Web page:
ATLANTIC CITY — Almost three weeks after eight of the resort’s casinos reopened to the public, the market leader is ready to join the welcome-back party.
Borgata Hotel Casino & Spa will reopen at 10 a.m. July 26, after hosting invited guests for three days.
Atlantic City’s casinos were permitted to resume operations July 2, following a nearly four-month industry-wide closure due to the coronavirus.
Borgata, an MGM Resorts International property, originally planned to reopen July 6. But, two days before Atlantic City casinos were set to reopen, Gov. Phil Murphy reversed course on permitting indoor dining to resume. As a result, Borgata put the brakes on a reopening plan.
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“Following the governor’s directive to postpone indoor dining, we took a step back to reassess our reopening date to ensure we could give our guests the world-class experience they expect from us, safely,” Melonie Johnson, president and chief operating officer of Borgata, said in a statement Tuesday, adding, “We appreciate our guests’ and employees’ patience and understanding and look forward to welcoming them back.”
The casino will adhere to state mandates concerning masks, 25% gaming floor capacity and social distancing at slot machines and table games. The state also prohibited smoking, eating or drinking on the casino floor.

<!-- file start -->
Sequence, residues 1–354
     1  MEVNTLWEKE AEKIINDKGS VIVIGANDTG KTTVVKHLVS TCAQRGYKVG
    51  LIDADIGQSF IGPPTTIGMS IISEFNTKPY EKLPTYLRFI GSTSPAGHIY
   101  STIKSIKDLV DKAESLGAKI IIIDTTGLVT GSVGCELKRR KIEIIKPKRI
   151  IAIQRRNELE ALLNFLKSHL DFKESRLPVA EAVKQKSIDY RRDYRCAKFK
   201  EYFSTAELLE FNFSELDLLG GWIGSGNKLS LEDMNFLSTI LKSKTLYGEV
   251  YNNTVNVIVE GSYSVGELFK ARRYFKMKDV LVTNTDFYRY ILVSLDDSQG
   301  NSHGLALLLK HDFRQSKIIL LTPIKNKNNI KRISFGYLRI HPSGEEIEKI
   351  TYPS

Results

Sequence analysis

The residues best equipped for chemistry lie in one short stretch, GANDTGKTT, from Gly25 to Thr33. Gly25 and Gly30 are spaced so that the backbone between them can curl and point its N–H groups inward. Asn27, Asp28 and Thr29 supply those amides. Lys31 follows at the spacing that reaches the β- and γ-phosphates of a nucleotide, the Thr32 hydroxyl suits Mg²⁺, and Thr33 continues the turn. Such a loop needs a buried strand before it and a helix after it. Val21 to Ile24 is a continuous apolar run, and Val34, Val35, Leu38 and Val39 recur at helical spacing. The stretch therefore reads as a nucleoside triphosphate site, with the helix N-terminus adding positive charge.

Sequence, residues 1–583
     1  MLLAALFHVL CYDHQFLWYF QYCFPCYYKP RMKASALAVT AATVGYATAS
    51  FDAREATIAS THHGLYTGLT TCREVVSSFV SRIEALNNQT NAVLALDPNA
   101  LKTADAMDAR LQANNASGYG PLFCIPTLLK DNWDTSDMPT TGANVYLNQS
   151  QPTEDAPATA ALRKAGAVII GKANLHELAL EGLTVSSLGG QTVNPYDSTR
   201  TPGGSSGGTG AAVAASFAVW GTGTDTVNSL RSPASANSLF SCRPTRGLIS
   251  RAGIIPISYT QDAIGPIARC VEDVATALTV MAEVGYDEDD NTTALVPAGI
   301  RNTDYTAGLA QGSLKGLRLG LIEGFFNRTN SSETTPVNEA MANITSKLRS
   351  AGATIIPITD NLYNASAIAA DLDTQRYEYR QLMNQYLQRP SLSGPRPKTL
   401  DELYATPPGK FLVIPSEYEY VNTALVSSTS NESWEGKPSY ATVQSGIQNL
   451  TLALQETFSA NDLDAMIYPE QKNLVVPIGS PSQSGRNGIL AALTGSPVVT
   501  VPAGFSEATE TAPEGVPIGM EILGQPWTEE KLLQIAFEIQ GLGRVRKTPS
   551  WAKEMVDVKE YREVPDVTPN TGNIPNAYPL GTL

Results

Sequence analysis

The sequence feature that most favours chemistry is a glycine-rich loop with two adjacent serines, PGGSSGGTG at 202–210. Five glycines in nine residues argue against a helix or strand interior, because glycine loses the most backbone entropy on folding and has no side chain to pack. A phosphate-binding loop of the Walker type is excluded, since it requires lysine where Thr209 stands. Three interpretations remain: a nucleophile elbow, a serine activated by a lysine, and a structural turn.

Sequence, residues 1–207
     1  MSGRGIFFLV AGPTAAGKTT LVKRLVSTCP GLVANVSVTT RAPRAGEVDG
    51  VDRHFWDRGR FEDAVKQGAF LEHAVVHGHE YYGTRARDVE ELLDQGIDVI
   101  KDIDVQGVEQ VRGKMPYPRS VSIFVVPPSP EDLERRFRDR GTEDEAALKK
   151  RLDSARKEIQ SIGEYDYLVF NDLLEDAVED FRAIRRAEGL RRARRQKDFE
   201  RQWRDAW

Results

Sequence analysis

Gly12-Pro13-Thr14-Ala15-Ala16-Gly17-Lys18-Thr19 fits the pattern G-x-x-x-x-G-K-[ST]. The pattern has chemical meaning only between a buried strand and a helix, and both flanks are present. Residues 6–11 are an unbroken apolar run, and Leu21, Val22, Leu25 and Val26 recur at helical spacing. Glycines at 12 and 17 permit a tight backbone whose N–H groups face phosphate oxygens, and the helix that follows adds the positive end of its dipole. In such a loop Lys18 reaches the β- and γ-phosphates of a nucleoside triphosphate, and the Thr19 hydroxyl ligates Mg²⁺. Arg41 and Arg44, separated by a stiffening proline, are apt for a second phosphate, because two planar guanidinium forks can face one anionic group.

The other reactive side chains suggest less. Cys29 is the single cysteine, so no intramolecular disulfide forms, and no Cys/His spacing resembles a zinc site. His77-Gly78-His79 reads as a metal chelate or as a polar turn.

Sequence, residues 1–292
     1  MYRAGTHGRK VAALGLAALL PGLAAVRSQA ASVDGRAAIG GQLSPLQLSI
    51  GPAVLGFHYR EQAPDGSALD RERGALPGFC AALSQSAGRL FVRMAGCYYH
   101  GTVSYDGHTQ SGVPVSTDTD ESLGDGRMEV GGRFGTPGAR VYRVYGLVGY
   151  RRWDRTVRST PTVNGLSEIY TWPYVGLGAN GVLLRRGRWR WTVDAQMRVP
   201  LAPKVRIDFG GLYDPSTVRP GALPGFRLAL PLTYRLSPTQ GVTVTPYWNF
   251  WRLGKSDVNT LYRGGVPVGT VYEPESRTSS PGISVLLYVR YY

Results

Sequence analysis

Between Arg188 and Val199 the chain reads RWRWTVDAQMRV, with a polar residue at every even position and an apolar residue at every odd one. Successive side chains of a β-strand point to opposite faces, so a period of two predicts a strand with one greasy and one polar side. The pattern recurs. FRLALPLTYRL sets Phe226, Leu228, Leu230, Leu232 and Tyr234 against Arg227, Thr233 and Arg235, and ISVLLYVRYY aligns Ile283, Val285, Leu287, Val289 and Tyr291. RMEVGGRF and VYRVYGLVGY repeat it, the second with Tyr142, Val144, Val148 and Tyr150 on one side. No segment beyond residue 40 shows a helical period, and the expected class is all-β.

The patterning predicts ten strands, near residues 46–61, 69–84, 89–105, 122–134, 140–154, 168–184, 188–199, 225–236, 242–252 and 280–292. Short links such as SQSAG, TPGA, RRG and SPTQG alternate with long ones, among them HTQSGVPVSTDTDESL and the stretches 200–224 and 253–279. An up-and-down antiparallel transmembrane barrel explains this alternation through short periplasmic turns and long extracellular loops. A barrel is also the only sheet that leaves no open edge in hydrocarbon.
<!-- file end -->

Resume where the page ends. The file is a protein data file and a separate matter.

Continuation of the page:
Borgata said it expects to bring back about 40% of its employees for the first phase of reopening.
The Water Club, an adjoining nongaming hotel, will not reopen when Borgata does later this month.
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Several outdoor locations at the Water Club will be utilized to create additional food and beverage options for guests. Additional outdoor options will include Street Eats food and beer trucks as well as the existing beer garden.
Guests will be able to order room service or takeout from multiple restaurants, such as Old Homestead Steak House, Noodles of the World and Bread + Butter.
The self-parking garage will be open, but the surface parking lot and valet will be closed until further notice.
Murphy ordered all nine of Atlantic City’s closed March 16, resulting in the industry’s longest shutdown since gaming was first introduced to the resort in 1978.